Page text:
Benzodiazepines (BDZ) are the most commonly used drugs for anxiety disorders, because of their anxiolytic, hypnotic, muscle relaxant and anticonvulsant properties. Through the receptorial binding with the GABA A receptor (Fig. 1), benzodiazepines seem to enhance the g-aminobutyric acid neurotransmission (GABA), which in turn has an inhibitory effect on other neurotransmitter systems involved in anxiety disorders, in particular noradrenergic and serotonergic pathways. Among the pharmacokinetic properties of benzodiazepines, absorption and metabolism are the most important as they influence the rapidity of action and the duration of the pharmacological effects of these drugs. Once in blood circulation, the benzodiazepines extensively bind to plasma proteins, showing strong lipophilic properties, which facilitate the passage through biological membranes, especially those included in the Central Nervous System (CNS). When benzodiazepines are administered as a single dose, the duration of their pharmacological action depends on the speed and degree of tissues distribution, in consideration of the hepatic metabolism and presence of active metabolites.
With reference to the metabolism processes, the benzodiazepines can be divided in:
- long-acting benzodiazepines (half-life > 48 h);
- benzodiazepines with intermediate duration of action (halflife 24-48 h);
- short-acting benzodiazepines (half-life < 24 h);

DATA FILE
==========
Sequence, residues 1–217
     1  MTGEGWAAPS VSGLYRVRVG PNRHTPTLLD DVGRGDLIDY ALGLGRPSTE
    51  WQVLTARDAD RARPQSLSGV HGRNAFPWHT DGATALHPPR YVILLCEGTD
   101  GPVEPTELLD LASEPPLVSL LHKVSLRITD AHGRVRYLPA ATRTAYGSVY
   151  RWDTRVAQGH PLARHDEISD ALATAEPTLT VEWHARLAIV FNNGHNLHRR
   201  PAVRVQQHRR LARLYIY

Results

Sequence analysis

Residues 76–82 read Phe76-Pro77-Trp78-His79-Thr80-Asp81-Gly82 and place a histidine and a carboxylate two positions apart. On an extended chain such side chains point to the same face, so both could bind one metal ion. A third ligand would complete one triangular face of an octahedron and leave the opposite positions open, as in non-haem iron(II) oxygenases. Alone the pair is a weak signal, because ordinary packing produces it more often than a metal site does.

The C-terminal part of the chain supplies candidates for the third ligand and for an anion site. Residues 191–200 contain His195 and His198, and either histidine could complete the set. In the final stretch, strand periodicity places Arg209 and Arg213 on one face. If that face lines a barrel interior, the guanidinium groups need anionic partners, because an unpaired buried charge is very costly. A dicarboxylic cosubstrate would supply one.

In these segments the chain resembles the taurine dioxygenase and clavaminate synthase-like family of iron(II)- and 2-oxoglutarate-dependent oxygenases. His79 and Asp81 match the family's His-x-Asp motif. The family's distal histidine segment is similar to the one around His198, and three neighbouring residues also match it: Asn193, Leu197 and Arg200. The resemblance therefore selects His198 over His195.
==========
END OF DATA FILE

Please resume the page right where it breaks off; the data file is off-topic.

- benzodiazepines with shorter duration of action (half-life 1-7 h) (Table I).
Because of this variety of available molecules, it is possible to suite the treatment to the individual needs of patients. Indeed, molecules such as bromazepam are widely used as a minor tranquilizer, anticonvulsant, sedative, muscle relaxant, because of its rapid absorption and consequent rapid tissues distribution after oral administration, which together describe the optimal risk-benefit ratio of this molecule.
Consequently, after 50 years of benzodiazepines clinical use, there are lots of scientific evidences that allow us to provide sufficient details for an appropriate prescription of benzodiazepines, in order to optimize the relationship between efficacy and safety.
However, it is still necessary to follow some general rules, such as to use the minimum effective dose, to provide a specific therapy related to the features of clinical status (such as an intermittent treatment for anxious symptoms and/or resistant insomnia) as well as a gradual withdrawal from treatment, to know properly the different pharmacological properties of the molecules employed, in order to determine the possibility of the reaffirmation of this class of drugs, which are still fundamental and probably irreplaceable for the treatment of several conditions, such as anxiety disorder and insomnia, both primary and associated with other psychiatric disorders.